Home Loma: A Soul Music Love Affair, Volume Four: Sweeter Than Sweet Things 1964-68
Loma: A Soul Music Love Affair, Volume Four: Sweeter Than Sweet Things 1964-68
- Compilation and liner notes by Alec Palao
- Fully remastered audio featuring rare and unissued cuts
- In-depth notes on artist and label history with rare ephemera items
- 4 LP Bundle includes LOMA Volumes 1-4
From late 1964 until late 1968, Loma stood as the subsidiary of Warner Brothers Records aimed directly at the singles market.
From late 1964 until late 1968, Loma stood as the subsidiary of Warner Brothers Records aimed directly at the singles market. During its four year lifespan, the label released over 100 singles and a handful of albums, the vast majority of which reflected the collective taste of the men that guided Loma and thereby the evolution of a distinctive artform: soul music.
Viewed objectively, it would be incorrect to compare Loma to the other great R&B repositories of the mid-1960s. It was strictly an adjunct of a bigger label, a commercially-minded operation that threw product at the wall hoping for a hit to stick. But the choices made by those three main participants in charge of the Loma roster–Bob Krasnow, Russ Regan, and Jerry Ragovoy–have gone on to become cherished totems to legions of music aficionados around the globe, for whom chart statistics say little, while a simple 45 with a burnt yellow label can shake them to the very core. What was once regarded as failure has, in the years since, paradoxically become a story of soulful success.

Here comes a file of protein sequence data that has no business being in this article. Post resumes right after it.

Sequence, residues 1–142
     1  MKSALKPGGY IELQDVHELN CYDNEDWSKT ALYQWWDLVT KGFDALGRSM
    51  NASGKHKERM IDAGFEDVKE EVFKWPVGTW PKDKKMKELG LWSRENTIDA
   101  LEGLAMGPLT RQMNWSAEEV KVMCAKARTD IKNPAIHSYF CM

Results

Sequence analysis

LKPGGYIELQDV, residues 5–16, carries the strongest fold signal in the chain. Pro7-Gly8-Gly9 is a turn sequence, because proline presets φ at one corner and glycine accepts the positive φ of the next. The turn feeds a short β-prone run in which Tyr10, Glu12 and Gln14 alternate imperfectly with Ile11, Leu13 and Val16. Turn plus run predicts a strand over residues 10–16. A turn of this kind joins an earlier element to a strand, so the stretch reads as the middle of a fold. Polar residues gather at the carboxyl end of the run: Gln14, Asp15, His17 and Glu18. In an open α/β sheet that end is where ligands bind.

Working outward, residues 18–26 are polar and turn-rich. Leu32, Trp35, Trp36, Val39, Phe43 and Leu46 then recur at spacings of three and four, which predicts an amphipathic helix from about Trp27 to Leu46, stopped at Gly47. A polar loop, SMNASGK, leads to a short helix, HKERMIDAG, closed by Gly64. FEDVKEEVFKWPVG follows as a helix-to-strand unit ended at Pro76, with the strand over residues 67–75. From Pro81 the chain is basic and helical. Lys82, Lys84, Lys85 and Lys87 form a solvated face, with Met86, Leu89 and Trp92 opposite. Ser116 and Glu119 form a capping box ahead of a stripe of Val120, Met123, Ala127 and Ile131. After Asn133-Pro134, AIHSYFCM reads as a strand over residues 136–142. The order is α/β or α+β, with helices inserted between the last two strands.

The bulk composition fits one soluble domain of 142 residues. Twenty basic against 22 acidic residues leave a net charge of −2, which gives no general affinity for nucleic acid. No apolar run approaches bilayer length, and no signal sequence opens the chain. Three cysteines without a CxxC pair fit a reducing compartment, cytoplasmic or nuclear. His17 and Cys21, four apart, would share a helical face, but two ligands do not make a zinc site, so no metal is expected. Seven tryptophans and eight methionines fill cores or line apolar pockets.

Last but not least, our unprecedented dig into the Loma Record vaults has thrown up a surfeit of soulful goodies for the final volume, many of which are previously unreleased. Northern soul fans will marvel at the dancefloor potential of The Marvellos’ “I Need You” or The Invincibles’ “Heartstrings.” Aficionados of the Ragovoy-supervised uptown sound will groove on Carl Hall’s “Like I Told You” and Ben Aiken’s “That’s All You Gotta Do.” The tracklist also shines light on many unfairly overlooked entries in the Loma listings by the likes of Linda Jones, Billy Storm, The Implements, and The Realistics, and yet more compelling cuts from The Apollas, Teen Turbans, and The Mighty Hannibal remind us just why we love Loma.
With full historical notes on artist and label history and many rare illustrations, Loma: A Soul Music Love Affair is a fresh and invigorating celebration of one of 60s soul’s most storied imprints.